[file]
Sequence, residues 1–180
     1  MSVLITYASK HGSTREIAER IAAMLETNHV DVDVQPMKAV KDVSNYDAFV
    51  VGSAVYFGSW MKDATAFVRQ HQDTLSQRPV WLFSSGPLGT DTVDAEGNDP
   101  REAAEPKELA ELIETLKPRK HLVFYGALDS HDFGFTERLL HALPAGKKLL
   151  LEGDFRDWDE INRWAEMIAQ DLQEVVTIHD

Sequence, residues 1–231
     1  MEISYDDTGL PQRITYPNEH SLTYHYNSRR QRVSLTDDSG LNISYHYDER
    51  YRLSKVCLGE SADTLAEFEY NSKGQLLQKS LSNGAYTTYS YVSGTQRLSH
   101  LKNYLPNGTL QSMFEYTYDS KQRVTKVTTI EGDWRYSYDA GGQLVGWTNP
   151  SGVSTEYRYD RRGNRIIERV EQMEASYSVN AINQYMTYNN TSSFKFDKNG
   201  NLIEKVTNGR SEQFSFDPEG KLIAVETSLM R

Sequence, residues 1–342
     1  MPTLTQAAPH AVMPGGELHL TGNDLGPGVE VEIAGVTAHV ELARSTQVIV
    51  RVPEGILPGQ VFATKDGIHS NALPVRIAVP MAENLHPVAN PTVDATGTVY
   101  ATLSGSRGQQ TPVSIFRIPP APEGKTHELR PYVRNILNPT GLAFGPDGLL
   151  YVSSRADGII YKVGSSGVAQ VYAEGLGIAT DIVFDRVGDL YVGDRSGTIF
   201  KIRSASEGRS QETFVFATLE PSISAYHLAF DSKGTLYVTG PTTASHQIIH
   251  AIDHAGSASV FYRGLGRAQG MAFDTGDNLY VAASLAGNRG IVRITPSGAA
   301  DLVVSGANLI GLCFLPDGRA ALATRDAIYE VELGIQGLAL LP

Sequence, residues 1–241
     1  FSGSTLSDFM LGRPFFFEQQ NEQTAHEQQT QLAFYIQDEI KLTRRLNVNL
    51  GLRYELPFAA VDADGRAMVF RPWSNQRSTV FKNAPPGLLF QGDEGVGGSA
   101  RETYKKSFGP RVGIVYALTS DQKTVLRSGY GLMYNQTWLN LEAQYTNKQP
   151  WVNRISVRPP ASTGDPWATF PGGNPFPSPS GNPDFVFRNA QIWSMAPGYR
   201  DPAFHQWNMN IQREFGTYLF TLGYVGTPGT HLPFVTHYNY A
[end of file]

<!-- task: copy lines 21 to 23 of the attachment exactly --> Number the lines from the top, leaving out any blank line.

     1  FSGSTLSDFM LGRPFFFEQQ NEQTAHEQQT QLAFYIQDEI KLTRRLNVNL
    51  GLRYELPFAA VDADGRAMVF RPWSNQRSTV FKNAPPGLLF QGDEGVGGSA
   101  RETYKKSFGP RVGIVYALTS DQKTVLRSGY GLMYNQTWLN LEAQYTNKQP